So what should Nokia do?

Don’t follow the CAMARA herd, CAMARA like OneAPI will slowly disappear and yet another product line will need to be EOL (End of Life).

Instead focus, deliver specific solutions telcos can sell today, NaaS. A package for converged telcos across fixed and mobile, local cloud services, and enterprise data centers. Package for mobile networks, local cloud services, and enterprise data centers.

Network-as-a-service (Naas) helps enterprises obtain the IT optimization benefits of modern cloud computing and broadband transport across fixed and mobile networks. The current market size is $8-12B depending on how you measure it, with a CAGR of 15-20% over the next 5 years.

Avoid Ericsson’s mistakes of competing with customers, repeating the mistakes of OneAPI, competing in a segment that’s focused on lower of cost operations. Rather focus on a specific market segment and help telcos execute. KT has a good solution with Epsilon, who presented at TADSummit on NaaS. Other carriers need to renew from legacy network management platforms to something like Epsilon. Nokia can be a perfect fit.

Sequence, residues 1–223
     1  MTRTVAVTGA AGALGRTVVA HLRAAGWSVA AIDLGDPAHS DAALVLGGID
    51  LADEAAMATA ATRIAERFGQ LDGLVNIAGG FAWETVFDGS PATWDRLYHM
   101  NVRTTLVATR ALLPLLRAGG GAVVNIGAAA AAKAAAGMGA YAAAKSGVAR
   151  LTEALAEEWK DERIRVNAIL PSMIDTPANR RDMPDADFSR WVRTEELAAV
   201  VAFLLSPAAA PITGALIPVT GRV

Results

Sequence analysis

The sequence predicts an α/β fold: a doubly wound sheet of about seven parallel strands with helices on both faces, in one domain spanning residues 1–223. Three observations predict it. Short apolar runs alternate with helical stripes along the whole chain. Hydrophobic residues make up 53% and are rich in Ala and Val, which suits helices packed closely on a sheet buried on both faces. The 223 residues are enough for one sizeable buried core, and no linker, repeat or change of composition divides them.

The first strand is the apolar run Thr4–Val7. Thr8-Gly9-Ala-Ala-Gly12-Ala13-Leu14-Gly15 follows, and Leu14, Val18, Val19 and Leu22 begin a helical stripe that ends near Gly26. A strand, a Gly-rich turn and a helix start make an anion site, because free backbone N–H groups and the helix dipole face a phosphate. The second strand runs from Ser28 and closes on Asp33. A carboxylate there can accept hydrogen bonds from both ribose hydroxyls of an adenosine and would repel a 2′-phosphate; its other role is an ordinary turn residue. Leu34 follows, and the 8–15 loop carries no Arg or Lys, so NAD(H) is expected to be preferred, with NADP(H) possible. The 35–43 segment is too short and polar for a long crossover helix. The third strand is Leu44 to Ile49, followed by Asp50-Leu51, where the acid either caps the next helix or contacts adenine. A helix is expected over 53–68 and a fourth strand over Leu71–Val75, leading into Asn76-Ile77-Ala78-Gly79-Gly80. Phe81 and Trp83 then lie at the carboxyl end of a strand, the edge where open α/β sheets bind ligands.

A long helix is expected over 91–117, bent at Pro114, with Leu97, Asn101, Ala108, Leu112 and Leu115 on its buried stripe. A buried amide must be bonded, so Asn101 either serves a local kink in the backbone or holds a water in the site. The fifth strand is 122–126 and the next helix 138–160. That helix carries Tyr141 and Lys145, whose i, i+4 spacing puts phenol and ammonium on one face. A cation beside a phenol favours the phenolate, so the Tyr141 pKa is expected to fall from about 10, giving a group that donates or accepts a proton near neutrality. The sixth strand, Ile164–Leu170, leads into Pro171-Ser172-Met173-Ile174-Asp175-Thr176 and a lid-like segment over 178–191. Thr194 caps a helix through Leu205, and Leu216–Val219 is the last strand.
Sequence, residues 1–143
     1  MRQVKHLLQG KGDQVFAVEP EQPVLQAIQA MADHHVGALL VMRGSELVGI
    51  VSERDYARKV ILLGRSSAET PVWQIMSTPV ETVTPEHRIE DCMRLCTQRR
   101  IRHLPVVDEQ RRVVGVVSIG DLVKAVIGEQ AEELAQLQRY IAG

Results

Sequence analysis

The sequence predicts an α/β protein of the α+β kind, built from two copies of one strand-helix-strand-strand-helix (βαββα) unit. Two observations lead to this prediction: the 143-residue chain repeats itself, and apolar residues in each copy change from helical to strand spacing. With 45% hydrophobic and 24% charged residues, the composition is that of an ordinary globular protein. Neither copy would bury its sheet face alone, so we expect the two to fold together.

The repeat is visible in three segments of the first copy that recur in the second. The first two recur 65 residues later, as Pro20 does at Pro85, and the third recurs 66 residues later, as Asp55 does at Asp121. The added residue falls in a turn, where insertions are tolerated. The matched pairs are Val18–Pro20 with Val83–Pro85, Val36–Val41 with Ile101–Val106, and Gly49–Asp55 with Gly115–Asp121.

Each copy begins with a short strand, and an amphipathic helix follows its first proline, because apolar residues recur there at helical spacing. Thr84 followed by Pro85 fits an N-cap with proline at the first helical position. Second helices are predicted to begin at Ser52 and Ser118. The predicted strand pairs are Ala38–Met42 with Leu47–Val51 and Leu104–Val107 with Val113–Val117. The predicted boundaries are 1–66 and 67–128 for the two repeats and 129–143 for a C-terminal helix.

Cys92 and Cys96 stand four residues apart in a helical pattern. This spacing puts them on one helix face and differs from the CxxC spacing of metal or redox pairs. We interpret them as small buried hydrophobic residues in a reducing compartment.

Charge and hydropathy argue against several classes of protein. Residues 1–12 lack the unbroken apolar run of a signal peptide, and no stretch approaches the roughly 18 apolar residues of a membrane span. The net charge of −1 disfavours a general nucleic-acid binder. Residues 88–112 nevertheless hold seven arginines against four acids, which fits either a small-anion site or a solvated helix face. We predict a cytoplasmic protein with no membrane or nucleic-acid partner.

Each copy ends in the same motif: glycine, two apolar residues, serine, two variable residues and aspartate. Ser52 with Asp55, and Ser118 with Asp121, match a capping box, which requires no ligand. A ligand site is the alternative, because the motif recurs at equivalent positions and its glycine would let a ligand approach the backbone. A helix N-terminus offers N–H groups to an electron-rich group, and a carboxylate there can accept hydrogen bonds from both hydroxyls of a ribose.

What Else?

There are loads of other opportunities, I focus here on Fraud and Identity a large, growing and critically important category. My purpose is to give some insight into the complexity of this market. Claiming you have an standardize API from CAMARA clearly shows there is no Fraud and Identity business solution.

Fraud and identity is a complex evolving market that is so much more than 2FA or silent authentication. It ranges from global aggregators like Experian, regional / specialized aggregators like SEON, local web-scrapers, enterprise IAM (Identity and Access Management) like Okta/Auth0, to CPaaS.

2FA is in decline due to competing technologies such as TOTP, Password Managers, FIDO, U2F and now Passkeys. Real-time mobile network data by itself is sometimes too expensive or too slow, telco’s backend systems were not designed for such exposure applications. It doesn’t matter what gateway is put in place the critical path is the backend system. Sometimes IP insight can be far faster and cheaper than mobile networks. Sometimes data that is hours or days old can be good enough, it all depends on the customers’ needs.